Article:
Gil...

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I'll just add be VERY careful what you touch inside a tube amp. Even when off and unplugged they can discharge (into you) lethal voltage. Where shoes with rubber soles and don't stand on concrete. Use one hand to poke around. Put the other hand in a pocket so in the worst case you won't have the voltage running across your heart as it races between your hands. I'm not familiar with the VJ so maybe the danger is no where near where Gil is directing you. Just thought I'd add this point of caution.

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there aren't any parts outside the chassis so he's not going to touch anything that could hurt him unless it's plugged in.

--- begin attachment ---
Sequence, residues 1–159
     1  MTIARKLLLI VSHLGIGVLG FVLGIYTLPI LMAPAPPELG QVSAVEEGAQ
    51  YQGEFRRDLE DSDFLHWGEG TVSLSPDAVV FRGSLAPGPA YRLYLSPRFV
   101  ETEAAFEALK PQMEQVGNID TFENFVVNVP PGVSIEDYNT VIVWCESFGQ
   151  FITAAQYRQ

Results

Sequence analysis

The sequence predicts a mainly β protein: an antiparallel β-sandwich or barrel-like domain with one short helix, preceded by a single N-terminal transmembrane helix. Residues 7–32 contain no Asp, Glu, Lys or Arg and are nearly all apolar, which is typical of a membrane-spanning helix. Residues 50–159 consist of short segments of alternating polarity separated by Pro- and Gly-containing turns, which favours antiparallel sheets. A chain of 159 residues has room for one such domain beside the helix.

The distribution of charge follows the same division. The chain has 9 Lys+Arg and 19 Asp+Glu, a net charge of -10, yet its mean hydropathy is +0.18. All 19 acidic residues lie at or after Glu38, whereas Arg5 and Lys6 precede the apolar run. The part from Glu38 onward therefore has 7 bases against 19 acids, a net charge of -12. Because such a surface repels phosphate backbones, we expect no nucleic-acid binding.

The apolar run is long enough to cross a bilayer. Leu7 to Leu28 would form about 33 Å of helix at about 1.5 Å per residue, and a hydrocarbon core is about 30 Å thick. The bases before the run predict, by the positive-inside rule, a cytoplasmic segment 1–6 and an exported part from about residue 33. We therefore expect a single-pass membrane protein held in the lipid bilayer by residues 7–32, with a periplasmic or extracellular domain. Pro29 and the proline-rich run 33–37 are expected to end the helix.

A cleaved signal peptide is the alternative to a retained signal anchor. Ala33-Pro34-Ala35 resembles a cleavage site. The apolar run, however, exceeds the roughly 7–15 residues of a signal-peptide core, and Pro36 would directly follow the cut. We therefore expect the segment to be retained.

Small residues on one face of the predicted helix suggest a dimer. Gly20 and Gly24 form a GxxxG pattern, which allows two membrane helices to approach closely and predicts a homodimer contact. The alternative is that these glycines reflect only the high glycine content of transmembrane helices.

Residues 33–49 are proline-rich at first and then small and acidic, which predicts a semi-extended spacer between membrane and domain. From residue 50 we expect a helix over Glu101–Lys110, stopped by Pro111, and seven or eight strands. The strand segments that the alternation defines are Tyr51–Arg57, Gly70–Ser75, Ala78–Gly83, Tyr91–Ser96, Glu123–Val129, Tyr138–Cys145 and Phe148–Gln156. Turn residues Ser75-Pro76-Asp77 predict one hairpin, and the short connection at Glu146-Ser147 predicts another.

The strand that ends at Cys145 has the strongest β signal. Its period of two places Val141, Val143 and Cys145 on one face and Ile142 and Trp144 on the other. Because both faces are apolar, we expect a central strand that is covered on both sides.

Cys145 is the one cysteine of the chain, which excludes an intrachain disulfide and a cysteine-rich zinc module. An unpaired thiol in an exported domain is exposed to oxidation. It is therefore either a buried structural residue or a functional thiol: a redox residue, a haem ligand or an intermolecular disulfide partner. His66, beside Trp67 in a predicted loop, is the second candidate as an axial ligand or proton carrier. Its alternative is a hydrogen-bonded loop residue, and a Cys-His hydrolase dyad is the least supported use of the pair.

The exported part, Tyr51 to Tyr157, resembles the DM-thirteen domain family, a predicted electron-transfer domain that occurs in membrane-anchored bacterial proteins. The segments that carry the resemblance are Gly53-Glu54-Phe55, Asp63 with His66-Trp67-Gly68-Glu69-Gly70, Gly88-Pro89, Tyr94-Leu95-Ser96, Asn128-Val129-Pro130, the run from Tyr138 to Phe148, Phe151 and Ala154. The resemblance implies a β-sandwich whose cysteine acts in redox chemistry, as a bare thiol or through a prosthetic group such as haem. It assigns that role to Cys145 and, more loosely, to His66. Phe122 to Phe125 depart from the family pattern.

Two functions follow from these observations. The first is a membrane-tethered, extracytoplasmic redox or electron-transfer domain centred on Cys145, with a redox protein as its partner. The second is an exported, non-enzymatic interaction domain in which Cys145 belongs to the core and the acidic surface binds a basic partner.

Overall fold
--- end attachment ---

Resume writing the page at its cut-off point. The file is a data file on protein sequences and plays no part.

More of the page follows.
taking the back panel off usually anyone would unplug speaker and power cord so I can see why gil, and just about everyone who talks about fixing those crappy fuse holders leaves it out.

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there aren't any parts outside the chassis so he's not going to touch anything that could hurt him unless it's plugged in.

taking the back panel off usually anyone would unplug speaker and power cord so I can see why gil' date=' and just about everyone who talks about fixing those crappy fuse holders leaves it out.

[/quote']

I'm not sure why I over-reacted like that. I guess cause the OP said he was a newbie to tube amps. Nobody would put a fuse close enough to a capacitor to cause harm. Although my '64 Gibson Skylark's caps are just behind a thin strap of wood you'd take off to get to the tubes better. It's scary how much trouble somebody could get into in a hurry with some of the older amps. And there are no warning signs either!

 

caps_on_syklark.jpg

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That's what I love about these forums. Always someone to pick up the slack if someone forgets a step or two.